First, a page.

Author Archives: Timothy

June 08

From Granite to Sea by Alex Langstone

I enjoy reading Celtic folklore, and I’m pleased to find a new work which illuminates an area that has not previously been covered properly. A great deal of Cornish folklore was collected at the end of the Nineteenth Century, but the east of the county has been oddly neglected. Langstone’s book fills that void. Langstone’s […]

March 30

Little Demons by Danny Elfman

In 1991 Danny Elfman wrote a screenplay for a black comedy about three circus orphans who become serial killers. He wasn’t able to develop it beyond demo tracks for most of the songs, but eventually used some of the material for Tim Burton’s¬†Nightmare Before Christmas. The material has since found its way to the web, […]

The British Library’s “Harry Potter : A History of Magic” is now available on the web

To celebrate the twentieth anniversary of the publication of Harry Potter and the Philosopher’s Stone, the British Library curated an exhibition tying its holdings about magic to plot elements in the book series. Much of that material is now available through Google Art and Culture.¬† The Gold Coast Libraries have a heap of JK Rowling’s […]

January 18

Turtles all the way down by John Green

I don’t think I’ve ever read a better description of what it’s like to have obsessive compulsive disorder. Green quotes – I think it was Plath – in noting that language cannot directly explain the experience of pain. Many authors try to get through this using visual imagery, but that leads to problems like in […]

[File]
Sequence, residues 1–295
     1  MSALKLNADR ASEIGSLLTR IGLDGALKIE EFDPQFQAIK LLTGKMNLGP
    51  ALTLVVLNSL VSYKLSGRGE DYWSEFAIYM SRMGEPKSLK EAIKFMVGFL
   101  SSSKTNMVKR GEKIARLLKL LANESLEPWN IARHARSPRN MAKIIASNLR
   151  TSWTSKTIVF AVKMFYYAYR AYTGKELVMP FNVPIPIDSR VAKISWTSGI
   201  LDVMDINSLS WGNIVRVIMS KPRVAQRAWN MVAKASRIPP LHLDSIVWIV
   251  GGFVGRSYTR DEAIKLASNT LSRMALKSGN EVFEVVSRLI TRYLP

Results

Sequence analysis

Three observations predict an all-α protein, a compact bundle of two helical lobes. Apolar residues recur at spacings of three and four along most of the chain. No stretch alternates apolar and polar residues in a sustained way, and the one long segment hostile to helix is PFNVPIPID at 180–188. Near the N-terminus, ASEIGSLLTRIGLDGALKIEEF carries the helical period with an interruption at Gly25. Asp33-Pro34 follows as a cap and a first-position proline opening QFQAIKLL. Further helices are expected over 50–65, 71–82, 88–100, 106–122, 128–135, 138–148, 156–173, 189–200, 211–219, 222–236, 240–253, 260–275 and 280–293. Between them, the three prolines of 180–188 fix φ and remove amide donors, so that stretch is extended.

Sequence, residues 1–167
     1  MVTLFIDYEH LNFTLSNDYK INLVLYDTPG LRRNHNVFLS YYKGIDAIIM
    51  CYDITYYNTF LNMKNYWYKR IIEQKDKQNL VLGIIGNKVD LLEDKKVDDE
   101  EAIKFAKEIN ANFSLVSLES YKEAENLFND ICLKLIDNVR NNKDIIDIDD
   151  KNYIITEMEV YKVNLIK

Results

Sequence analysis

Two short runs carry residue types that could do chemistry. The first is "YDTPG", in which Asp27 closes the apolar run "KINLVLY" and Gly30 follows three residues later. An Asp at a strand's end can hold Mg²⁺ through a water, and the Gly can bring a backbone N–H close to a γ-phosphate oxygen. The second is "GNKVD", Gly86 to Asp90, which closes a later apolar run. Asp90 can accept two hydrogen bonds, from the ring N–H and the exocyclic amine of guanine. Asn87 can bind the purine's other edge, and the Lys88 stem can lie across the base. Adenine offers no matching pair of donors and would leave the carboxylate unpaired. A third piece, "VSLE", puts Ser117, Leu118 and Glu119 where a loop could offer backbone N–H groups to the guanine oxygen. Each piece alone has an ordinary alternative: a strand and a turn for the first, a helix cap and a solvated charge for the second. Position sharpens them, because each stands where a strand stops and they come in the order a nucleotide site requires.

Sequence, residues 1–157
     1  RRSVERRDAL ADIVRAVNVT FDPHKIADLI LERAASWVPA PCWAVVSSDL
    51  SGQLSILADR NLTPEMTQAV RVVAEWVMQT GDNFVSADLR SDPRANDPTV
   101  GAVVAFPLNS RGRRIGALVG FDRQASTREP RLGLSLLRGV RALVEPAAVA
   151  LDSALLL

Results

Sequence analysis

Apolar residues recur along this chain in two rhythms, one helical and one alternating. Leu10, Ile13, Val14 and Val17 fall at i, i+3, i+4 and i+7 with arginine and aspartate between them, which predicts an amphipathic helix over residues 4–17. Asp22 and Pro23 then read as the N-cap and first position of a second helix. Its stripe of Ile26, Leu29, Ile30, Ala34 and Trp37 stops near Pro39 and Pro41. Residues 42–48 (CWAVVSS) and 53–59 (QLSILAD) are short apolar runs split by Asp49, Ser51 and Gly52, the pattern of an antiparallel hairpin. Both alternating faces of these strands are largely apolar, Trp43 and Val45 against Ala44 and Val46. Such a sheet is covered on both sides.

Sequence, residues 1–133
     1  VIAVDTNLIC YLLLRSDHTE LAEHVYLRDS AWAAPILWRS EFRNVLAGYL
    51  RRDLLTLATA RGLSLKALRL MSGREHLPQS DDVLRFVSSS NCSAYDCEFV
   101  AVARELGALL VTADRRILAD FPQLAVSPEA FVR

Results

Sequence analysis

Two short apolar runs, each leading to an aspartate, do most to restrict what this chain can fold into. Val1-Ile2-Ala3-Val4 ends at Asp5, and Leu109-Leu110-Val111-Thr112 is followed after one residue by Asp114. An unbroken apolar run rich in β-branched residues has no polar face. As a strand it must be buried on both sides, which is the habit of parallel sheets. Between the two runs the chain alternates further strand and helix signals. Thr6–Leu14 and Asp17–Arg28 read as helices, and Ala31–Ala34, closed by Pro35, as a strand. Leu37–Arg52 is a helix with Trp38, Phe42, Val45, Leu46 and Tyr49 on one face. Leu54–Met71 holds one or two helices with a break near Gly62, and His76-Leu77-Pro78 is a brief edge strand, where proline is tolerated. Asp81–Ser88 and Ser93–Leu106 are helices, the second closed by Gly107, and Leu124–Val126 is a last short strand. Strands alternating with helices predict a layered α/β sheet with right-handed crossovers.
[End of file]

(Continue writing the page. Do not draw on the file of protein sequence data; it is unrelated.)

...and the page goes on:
December 08

Gentleman Jole and the Red Queen by Lois McMaster-Bujold

Lois McMaster-Bujold is one of the grandmasters of science fiction. She’s has so many Hugo Awards they made up an extra one to hand her this year (Best Series). She’s been writing the Vorkosigan Saga for roughly forty years, and so it’s with some sadness I read this book, which feels like an ending. That’s […]

November 30

John Dies at the End by David Wong

The book is a horror comedy., mixing Lovecraftian themes and black humour. It’s the first novel by Jason Pargin, under the pen name of David Wong. Pargin is a prolific writer for the Cracked website, and there’s crossover in his style of humor. The novel was originally written as episodic blog posts, so structurally it […]

November 24

Riverworld by Philip Jose Farmer

In a single moment, everyone wakes. Everyone. Every human, ever, wakes on the banks of a river millions of miles long. They are naked, hairless and returned to their early twenties. Every infirmity is gone. Each has a cylinder tied to their wrist, which they discover provides three meals a day, and some other little […]

November 10

Great Narrative Poems of the Nineteenth Century

I know I’m pushing the ball uphill to convince people to try narrative poetry, but let’s give it a shot! In the 19th Century, the way of showing you were a wordsmith on the modern pop hit level was to write long poems, with stories in them, about passionate people doing foolish things. Many them […]

November 03

Nostalgic for Eighties crime, racism and sexism? Les Norton might be the hero you want.

The Les Norton books by Robert G. Barrett remind me of the early Bond novels, in that they are basically about a reactionary guy who can punch people who represent social change, and then have sex with their girlfriends. Those of you who are Bond fans may object: but in the movies he’s a lot […]

October 20

Cranford by Elizabeth Gaskell

Elizabeth Gaskell wrote comedies of manners, and the material for Cranford was originally serialized. This means that each chapter is self-contained, much like a short story, and so the book has clear stopping points for light reading. Gaskell also had a side line in ghost stories. She and Dickens even collaborated on a mosaic novel. […]